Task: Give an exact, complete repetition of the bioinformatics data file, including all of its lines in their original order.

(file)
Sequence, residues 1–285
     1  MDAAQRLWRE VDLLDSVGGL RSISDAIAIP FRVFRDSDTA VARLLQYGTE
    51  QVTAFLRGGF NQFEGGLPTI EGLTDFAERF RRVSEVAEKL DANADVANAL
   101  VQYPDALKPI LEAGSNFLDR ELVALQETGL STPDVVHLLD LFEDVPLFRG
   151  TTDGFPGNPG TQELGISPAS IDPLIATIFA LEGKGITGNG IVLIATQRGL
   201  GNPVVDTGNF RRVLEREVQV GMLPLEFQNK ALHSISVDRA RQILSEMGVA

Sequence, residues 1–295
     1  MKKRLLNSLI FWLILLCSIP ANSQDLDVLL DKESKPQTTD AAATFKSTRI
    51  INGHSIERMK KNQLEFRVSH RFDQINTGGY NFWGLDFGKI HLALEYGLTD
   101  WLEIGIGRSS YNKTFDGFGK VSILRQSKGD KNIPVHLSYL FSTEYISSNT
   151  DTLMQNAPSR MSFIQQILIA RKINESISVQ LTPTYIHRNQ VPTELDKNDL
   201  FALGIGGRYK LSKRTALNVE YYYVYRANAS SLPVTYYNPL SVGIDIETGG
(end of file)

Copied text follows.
Sequence, residues 1–285
     1  MDAAQRLWRE VDLLDSVGGL RSISDAIAIP FRVFRDSDTA VARLLQYGTE
    51  QVTAFLRGGF NQFEGGLPTI EGLTDFAERF RRVSEVAEKL DANADVANAL
   101  VQYPDALKPI LEAGSNFLDR ELVALQETGL STPDVVHLLD LFEDVPLFRG
   151  TTDGFPGNPG TQELGISPAS IDPLIATIFA LEGKGITGNG IVLIATQRGL
   201  GNPVVDTGNF RRVLEREVQV GMLPLEFQNK ALHSISVDRA RQILSEMGVA

Sequence, residues 1–295
     1  MKKRLLNSLI FWLILLCSIP ANSQDLDVLL DKESKPQTTD AAATFKSTRI
    51  INGHSIERMK KNQLEFRVSH RFDQINTGGY NFWGLDFGKI HLALEYGLTD
   101  WLEIGIGRSS YNKTFDGFGK VSILRQSKGD KNIPVHLSYL FSTEYISSNT
   151  DTLMQNAPSR MSFIQQILIA RKINESISVQ LTPTYIHRNQ VPTELDKNDL
   201  FALGIGGRYK LSKRTALNVE YYYVYRANAS SLPVTYYNPL SVGIDIETGG